The passive-aggressive disrespect
Thyra Porter, South Portland, ME

Thyra didn’t think her Facebook post would sever the 10-year relationship she had with the women in her book club. She was hurt — and trying to figure out why she wasn’t invited to one of their parties. After all, the group had met monthly for a decade to share “snacks, book talk, and form bonds,” she says. “We also went to the movies and did all these things together.”

When she learned about the party, the disrespect she felt about being left out surfaced a simmering concern that she didn’t fit into the group like in the early days, when she was married with a young child, living in the same neighborhood. That led to her vent on Facebook. To her surprise, a number of Facebook friends commented, one of them noting a trend in “mean girl” book clubs.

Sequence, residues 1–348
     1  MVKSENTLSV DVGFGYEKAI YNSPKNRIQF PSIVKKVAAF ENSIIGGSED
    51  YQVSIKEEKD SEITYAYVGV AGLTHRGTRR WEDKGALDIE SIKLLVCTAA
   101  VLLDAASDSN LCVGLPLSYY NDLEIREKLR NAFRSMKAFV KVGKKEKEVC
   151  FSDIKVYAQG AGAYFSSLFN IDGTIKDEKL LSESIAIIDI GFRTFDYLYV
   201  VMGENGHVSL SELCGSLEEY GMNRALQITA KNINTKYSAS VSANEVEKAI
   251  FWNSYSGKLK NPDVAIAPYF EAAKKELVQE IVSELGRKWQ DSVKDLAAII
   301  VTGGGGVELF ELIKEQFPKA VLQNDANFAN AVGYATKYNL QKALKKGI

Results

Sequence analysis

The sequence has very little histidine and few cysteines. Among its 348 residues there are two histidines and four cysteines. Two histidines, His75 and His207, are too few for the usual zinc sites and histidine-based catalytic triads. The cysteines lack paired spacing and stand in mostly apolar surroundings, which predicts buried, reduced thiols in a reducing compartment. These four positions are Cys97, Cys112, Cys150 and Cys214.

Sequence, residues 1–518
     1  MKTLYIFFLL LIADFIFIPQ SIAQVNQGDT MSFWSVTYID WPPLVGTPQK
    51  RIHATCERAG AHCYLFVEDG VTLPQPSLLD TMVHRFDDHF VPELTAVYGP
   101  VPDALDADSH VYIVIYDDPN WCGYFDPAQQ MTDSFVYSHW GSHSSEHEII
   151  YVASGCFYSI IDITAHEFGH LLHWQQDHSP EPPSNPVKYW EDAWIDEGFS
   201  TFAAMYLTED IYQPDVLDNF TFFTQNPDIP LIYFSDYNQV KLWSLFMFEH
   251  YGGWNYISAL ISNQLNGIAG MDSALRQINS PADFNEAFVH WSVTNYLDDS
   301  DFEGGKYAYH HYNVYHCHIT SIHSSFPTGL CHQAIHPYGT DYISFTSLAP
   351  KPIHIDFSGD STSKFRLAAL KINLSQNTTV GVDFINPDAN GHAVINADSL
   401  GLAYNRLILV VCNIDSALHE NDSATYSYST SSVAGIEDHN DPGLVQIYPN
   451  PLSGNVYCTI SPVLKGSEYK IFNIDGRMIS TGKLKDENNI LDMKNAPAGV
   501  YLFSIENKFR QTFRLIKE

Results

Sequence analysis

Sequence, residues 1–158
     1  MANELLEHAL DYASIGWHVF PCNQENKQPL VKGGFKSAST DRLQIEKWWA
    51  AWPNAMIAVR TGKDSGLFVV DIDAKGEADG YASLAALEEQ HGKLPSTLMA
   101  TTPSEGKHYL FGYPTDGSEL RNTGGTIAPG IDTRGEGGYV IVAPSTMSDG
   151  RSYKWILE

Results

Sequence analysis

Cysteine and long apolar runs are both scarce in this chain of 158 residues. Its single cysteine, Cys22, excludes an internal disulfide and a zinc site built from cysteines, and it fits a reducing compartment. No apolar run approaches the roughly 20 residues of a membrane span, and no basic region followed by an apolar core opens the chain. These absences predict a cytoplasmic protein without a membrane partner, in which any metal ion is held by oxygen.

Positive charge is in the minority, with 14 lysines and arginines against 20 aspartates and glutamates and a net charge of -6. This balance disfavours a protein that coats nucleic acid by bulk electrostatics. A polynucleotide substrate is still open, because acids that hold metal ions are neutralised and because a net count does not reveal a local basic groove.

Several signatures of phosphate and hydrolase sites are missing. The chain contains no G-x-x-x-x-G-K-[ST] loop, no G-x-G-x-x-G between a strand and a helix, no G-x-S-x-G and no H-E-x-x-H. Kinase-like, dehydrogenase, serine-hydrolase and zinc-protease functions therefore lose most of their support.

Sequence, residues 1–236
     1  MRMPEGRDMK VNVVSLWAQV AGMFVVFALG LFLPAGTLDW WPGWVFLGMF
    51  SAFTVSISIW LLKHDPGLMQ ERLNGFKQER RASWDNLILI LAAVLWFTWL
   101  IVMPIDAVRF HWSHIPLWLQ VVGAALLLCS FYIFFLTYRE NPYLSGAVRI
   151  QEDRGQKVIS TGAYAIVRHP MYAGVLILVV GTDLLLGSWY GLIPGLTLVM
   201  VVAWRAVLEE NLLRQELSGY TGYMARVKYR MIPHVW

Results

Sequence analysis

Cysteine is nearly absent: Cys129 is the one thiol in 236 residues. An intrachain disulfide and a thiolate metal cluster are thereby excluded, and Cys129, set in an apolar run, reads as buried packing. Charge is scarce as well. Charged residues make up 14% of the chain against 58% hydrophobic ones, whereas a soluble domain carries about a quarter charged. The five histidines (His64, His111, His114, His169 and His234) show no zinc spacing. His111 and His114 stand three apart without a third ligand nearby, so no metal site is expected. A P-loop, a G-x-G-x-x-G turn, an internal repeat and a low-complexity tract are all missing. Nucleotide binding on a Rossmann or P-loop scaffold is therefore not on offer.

“But it wasn’t a mean girl club. It was more like a growing-apart book club,” Thyra says. Regardless, the misinterpreted post was shared with the hostess, who felt disrespected by Thyra’s passive-aggressive action. And Thyra felt doubly disrespected by the friend who blabbed. “Why did you do that?” she wondered. “It upset her and me.”

Thyra took the anger and hurt on both sides as a sign that it was time to cut ties. She emailed the group, saying, “I understand I hurt people’s feelings. I’ve felt for a while I haven’t fit in, so at this point I’ve decided to not participate any further.”

“The outcome ultimately was good,” Thyra says. “I learned from this. I would definitely deal with my own passive-aggressiveness in a different way by dealing directly with them or just leaving the group. In relationships, you have to look at yourself, too. ”